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Aquilinis ‘optimistic’ about water licences
Requests for water allocations from the North Alouette River could be given the go-ahead by the end of the year, according to an Aquilini group spokesman.
John Negrin, with Aquilini Investment Group, said he has reason to be optimistic the permits will be granted by the end of the year.
The six applications, dating from 2007 – to pump water from the river for flood harvesting of cranberries, irrigation and storage – are the same applications that were in process when Aquilini companies were charged in 2011 under the Water Act, the Fisheries Act and Dike Maintenance Act.
Charges include diverting water without authority, illegal use of water, and installing a pump into the river without authorization.
A notice of intention to enter guilty pleas on some of those charges has been filed for the next court appearance, Oct. 23.
According to a spokesman, the Ministry of Forests, Lands and Natural Resource Operations is still reviewing those same applications for water licences submitted by the six companies that are all part of the Golden Eagle Group, which operates thousands of acres of berry fields in Pitt Meadows.
Golden Eagle Group is part of the Aquilini Investment Group, which also owns the Vancouver Canucks.
A definite date, however, as to when the permits will be issued, hasn't been set, said the ministry.
"In order to maintain fairness in the application process, we are not able to speculate on the timing of this decision."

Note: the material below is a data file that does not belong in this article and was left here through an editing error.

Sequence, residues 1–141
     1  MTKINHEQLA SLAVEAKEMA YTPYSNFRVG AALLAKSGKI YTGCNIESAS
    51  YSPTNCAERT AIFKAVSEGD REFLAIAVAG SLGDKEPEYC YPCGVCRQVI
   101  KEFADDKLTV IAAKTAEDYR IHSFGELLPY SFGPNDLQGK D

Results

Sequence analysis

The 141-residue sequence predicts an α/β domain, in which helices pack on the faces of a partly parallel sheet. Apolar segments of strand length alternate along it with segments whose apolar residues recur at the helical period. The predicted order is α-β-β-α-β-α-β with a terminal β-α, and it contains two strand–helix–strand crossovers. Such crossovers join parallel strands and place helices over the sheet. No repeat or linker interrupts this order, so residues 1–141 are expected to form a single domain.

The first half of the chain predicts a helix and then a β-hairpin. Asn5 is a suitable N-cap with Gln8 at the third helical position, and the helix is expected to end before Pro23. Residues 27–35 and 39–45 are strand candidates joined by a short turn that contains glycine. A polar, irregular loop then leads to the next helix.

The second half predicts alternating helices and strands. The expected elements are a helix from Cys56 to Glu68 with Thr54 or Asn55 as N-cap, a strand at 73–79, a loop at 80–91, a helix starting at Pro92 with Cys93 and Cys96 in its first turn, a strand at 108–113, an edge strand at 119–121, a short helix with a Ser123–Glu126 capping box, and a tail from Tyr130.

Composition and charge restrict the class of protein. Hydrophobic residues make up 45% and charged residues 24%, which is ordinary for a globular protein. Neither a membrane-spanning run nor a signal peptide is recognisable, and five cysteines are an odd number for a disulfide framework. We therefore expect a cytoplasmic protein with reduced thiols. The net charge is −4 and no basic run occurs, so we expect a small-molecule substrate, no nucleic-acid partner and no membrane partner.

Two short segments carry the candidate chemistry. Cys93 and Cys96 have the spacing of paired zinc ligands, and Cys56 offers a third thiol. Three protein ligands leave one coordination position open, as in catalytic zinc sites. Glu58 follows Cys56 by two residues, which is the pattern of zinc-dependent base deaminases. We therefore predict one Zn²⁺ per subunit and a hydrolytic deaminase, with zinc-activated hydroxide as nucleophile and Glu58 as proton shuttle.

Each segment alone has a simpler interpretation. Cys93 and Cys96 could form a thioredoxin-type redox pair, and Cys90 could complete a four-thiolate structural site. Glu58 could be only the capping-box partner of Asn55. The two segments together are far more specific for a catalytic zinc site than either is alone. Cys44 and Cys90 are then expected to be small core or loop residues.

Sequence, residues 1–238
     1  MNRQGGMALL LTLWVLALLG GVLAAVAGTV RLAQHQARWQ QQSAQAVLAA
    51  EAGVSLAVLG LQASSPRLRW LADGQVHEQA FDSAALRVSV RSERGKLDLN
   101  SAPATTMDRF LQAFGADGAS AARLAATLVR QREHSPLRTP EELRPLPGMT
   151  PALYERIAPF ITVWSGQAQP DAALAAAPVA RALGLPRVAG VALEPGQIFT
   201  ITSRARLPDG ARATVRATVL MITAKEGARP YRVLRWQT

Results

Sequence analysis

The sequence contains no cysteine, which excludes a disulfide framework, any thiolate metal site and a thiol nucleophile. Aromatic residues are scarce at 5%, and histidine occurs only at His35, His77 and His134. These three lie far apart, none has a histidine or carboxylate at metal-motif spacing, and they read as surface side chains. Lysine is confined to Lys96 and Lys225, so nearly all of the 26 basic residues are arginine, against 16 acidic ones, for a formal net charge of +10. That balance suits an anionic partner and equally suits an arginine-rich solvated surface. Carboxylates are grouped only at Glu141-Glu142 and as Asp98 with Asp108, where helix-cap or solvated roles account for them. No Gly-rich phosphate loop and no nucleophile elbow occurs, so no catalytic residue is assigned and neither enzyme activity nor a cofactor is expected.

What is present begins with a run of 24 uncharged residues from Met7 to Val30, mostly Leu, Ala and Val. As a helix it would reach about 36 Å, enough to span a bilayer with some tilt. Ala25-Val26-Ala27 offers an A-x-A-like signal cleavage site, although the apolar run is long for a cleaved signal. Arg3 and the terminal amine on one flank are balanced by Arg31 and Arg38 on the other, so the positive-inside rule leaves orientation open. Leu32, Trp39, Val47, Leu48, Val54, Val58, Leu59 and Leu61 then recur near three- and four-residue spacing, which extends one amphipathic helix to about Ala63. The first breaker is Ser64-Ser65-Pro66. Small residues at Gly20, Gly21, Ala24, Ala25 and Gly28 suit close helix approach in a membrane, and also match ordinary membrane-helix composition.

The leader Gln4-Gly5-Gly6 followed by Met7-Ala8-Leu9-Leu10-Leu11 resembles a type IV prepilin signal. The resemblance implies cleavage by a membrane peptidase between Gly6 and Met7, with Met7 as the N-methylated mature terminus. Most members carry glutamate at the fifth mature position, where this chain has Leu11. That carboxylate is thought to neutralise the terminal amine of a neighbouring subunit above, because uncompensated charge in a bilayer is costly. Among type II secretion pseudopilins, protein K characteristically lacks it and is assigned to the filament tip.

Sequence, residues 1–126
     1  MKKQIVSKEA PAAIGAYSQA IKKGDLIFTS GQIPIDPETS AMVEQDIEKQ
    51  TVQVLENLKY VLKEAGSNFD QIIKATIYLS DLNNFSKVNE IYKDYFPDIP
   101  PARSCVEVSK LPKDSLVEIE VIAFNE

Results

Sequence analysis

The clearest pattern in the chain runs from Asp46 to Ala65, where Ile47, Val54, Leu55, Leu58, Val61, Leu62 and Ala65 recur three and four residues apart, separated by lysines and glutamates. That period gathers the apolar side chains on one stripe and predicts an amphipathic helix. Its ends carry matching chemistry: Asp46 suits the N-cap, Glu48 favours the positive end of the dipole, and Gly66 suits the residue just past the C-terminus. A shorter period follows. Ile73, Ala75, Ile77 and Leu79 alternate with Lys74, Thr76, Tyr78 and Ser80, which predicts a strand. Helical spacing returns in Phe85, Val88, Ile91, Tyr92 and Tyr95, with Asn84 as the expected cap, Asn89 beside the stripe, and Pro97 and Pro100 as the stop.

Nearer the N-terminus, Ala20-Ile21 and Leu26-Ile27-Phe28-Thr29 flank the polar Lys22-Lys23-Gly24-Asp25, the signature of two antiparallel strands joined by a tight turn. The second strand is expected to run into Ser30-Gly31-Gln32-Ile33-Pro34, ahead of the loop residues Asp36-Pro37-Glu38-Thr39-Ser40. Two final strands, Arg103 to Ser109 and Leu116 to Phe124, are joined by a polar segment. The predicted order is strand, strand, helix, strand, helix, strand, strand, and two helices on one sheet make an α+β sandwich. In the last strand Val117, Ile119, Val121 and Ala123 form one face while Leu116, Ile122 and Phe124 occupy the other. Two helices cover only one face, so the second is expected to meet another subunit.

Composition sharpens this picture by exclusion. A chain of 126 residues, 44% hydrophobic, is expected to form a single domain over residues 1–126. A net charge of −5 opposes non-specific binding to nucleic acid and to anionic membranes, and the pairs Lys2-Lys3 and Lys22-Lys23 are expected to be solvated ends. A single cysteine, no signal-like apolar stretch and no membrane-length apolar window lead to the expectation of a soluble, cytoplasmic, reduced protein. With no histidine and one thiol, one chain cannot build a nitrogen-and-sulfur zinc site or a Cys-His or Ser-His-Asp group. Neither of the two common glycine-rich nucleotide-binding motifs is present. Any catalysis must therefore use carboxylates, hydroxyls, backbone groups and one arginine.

As soon as water licences are granted, details are published on the website.
If the permits are granted, the same withdrawal pipe over which charges initially were laid, would be used for pumping the water.
Alouette River Management Society spokesman Geoff Clayton said in a letter to the ministry that the applications seem to be moving toward approval.
But he renewed his call for wireless monitoring of the withdrawals so the public can keep an eye on the flows.
Clayton notes the branch doesn't have the manpower to do that task and says Golden Eagle Group already uses that technology throughout its berry operations.
Golden Eagle Group said in 2009 that it pumped water from the river briefly to save young cranberry plants during a dry spring.
The counts, considered regulatory offences rather than criminal matters, are filed against five individuals, two companies, as well as six numbered companies, by the Ministry of Environment's conservation officer service.
Named in the charges are Elisa Aquilini, Francesco Aquilini, Paulo Aquilini, Roberto Aquilini and Richard Matis, as well as CPI – Cranberry Plantation, and Global Coin Corp.